Interactive Effects of Fitness and Statin Treatment on Mortality Risk in Veterans With Dyslipidaemia: A Cohort Study

Study Questions:

What are the combined effects of fitness and statin treatment on all-cause mortality in individuals with dyslipidemia?


In this prospective cohort study, the investigators included dyslipidemic veterans from Veterans Affairs Medical Centers in Palo Alto, CA, and Washington, DC, who had an exercise tolerance test between 1986 and 2011. They assigned participants to one of four fitness categories based on peak metabolic equivalents (MET) achieved during exercise test, and eight categories based on fitness status and statin treatment. The primary endpoint was all-cause mortality adjusted for age, body mass index, ethnic origin, sex, history of cardiovascular disease, cardiovascular drugs, and cardiovascular risk factors. The authors assessed mortality from Veterans Affairs’ records on December 31, 2011, and compared groups with the Cox proportional hazard model.


The authors assessed 10,043 participants (mean age 58.8 years, standard deviation 10.9 years). During a median follow-up of 10.0 years (interquartile range 6.0-14.2), 2,318 patients died, with an average yearly mortality rate of 22 deaths per 1,000 person-years. Mortality risk was 18.5% (935/5,046) in people taking statins versus 27.7% (1,386/4,997) in those not taking statins (p < 0.0001). In patients who took statins, mortality risk decreased as fitness increased; for highly fit individuals (>9 MET; n = 694), the hazard ratio (HR) was 0.30 (95% confidence interval [CI], 0.21-0.41; p < 0.0001) compared with least fit (≤5 MET) patients (HR, 1; n = 1,060). For those not treated with statins, the HR for least fit participants (n = 1,024) was 1.35 (95% CI, 1.17-1.54; p < 0.0001) and progressively decreased to 0.53 (95% CI, 0.44-0.65; p < 0.0001) for those in the highest fitness category (n = 1,498).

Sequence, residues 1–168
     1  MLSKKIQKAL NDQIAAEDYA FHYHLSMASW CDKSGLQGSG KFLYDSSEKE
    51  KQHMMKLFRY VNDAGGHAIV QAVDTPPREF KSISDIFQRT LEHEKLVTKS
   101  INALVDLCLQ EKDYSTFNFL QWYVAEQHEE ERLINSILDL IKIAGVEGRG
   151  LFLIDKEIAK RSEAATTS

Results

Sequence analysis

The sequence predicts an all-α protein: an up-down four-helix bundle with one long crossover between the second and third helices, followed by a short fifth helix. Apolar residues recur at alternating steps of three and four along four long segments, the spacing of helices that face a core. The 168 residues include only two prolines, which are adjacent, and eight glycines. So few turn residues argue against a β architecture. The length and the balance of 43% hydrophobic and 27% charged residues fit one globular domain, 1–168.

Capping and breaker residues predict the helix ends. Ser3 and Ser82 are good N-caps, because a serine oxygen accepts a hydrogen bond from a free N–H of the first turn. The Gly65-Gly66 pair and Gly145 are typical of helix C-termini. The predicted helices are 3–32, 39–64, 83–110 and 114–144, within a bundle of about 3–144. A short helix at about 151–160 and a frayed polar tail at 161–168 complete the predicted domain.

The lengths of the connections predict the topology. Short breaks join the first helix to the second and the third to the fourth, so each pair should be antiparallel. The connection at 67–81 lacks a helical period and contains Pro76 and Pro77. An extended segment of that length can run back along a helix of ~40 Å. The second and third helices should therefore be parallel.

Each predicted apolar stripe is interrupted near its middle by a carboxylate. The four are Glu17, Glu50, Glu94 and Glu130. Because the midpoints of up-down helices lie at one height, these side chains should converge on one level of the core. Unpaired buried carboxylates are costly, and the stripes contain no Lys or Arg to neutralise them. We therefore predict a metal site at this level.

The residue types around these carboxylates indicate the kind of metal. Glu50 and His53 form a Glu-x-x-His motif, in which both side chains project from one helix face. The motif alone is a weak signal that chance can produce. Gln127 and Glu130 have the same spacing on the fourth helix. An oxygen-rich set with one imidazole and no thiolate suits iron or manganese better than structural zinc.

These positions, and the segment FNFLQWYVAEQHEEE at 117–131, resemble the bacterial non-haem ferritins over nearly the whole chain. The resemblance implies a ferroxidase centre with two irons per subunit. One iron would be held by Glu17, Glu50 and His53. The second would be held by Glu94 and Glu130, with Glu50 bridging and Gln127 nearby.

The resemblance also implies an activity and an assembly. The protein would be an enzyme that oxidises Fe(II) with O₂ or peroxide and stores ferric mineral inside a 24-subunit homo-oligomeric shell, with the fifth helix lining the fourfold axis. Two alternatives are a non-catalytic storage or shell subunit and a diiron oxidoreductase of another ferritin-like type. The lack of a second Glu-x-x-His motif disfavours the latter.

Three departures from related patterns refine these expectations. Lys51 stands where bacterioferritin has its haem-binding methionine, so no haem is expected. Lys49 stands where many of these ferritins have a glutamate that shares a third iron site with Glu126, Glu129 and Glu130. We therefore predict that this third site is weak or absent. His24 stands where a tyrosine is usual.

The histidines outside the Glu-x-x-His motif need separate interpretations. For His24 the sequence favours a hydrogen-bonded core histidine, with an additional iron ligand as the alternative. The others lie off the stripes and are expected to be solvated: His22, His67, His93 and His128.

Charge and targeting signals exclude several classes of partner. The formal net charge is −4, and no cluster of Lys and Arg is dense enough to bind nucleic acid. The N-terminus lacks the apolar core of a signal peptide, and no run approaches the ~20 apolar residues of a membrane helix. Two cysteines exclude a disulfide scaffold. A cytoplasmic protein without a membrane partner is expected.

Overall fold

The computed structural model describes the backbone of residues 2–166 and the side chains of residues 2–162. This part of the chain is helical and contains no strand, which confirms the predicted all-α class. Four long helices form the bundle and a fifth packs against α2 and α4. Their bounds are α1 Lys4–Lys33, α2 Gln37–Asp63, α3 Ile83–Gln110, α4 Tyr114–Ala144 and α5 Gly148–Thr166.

The authors concluded that statin treatment and increased fitness are independently associated with low mortality among dyslipidemic individuals.


This study supports the notion that both statin treatment and increased fitness lower mortality significantly and independently from other clinical characteristics. Regular exercise and improved fitness appear to be an attractive adjunct treatment to statins or possibly an alternative when statins cannot be prescribed. Furthermore, the low exercise capacity (roughly 7 MET) associated with the health benefits is clinically significant, and highlights the importance of physical activity for individuals with dyslipidemia. Overall, the study findings provide clinically relevant information with significant implications for public health.

Clinical Topics: Diabetes and Cardiometabolic Disease, Prevention, Exercise

Keywords: Exercise Tolerance, Washington, Incidence, Blood Coagulation, Cardiovascular Agents, Follow-Up Studies, Body Mass Index, Exercise, Cardiovascular Diseases, Risk Factors

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